The storied 105-year rivalry between Missouri and Kansas will come to an end for the foreseeable future following Saturday afternoon's game at Allen Fieldhouse.
That final meeting as conference foes will have more than just long-term bragging rights on the line.
A win for the third-ranked Tigers would aid their chances for their first Big 12 regular-season title, while the No. 4 Jayhawks can extend their unprecedented run of league championships.
Missouri and Kansas have played each other annually since 1907 and the initial matchups carry some history. The Tigers ended basketball inventor James Naismith's nine-season tenure as Jayhawks' inaugural coach with wins on back-to-back days in Lawrence, Kan.
The next season, Missouri and Kansas - in its first campaign under legendary coach Phog Allen - joined what's now known as the Missouri Valley Conference. The rivals remained together during the founding of the Big Six in 1928-29 and the formation of the Big 12 in 1996-97.
The Tigers, though, will head for the SEC following this season, and the Jayhawks have repeatedly expressed no desire to continue the series.
That leaves Saturday's matchup as the chance for each team to leave an indelible mark.
For Kansas, there's also the opportunity to continue a school-record streak. The Jayhawks (23-5, 13-2) are seeking to win or share an eighth consecutive Big 12 title, its 12th in the conference's 16-year history and an NCAA-best 55th overall.
They can accomplish that goal with a win, but a loss moves them back into a tie with the Tigers (25-3, 12-3), whose 2009 tournament championship remains its lone Big 12 crown.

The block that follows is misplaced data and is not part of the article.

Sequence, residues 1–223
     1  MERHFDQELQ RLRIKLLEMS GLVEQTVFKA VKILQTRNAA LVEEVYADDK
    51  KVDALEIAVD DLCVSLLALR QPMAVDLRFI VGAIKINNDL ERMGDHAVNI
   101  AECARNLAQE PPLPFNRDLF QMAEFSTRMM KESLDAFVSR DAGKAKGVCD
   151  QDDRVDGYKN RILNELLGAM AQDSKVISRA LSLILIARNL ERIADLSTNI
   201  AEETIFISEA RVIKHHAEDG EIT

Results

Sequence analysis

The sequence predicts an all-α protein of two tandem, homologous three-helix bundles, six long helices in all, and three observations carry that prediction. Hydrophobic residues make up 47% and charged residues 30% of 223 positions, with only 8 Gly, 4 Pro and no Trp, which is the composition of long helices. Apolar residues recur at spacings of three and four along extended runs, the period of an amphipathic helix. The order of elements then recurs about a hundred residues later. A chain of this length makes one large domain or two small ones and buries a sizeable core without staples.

"There's a lot on the line," center Jeff Withey said. "If we win this game, we put ourselves in a really good position to win the Big 12. It's against Missouri, and that is always big for (Kansas).
Kansas enters this game having won five in a row, including a 66-58 win at Texas A&M on Wednesday, but it still hasn't forgotten its previous loss, a bitter 74-71 defeat in Columbia, Mo., on Feb. 4. The Tigers erased an eight-point deficit over the final 2:08 as leading scorer Marcus Denmon produced a personal 9-0 run.
"We're still bitter about the first time we played them," Jayhawks guard Tyshawn Taylor said. "We felt like we let that one slip away, so we're going to try to bounce back at home."
Missouri heads into this game after having a seven-game win streak snapped with a 78-68 home loss to Kansas State on Tuesday. The Tigers gave up 32 points in the paint during that defeat and were outshot 53.8 to 38.3 percent.
"We have to have a little more resistance in the paint. That's the biggest thing I took away from the K-State game is we didn't have great resistance when they got the ball close to the basket," coach Frank Haith said.
Haith's team, which has two players in its regular seven-man rotation taller than 6-foot-6, will likely need a better effort during another matchup with 6-10 Jayhawks star Thomas Robinson and the 7-foot Withey.
Missouri held Withey scoreless and to just one shot attempt in the previous game. Robinson had 19 of his team-best 25 points in the second half but didn't take any shots over the final 2:26.
"I have to be a lot more aggressive," Withey said. "I need to be a factor in the game."
If it can get a little more out of its big men, Kansas might have a chance to win its first top 10 matchup with Missouri in four tries. The then-No. 2 Tigers claimed one of those victories at Allen Fieldhouse over the No. 1 team in the country on Feb. 13, 1990, but they've lost 12 straight in Lawrence since Jan. 24, 1999.
Kansas holds a 171-95 series lead but those 95 wins for Missouri represent the most by any opponent against the Jayhawks.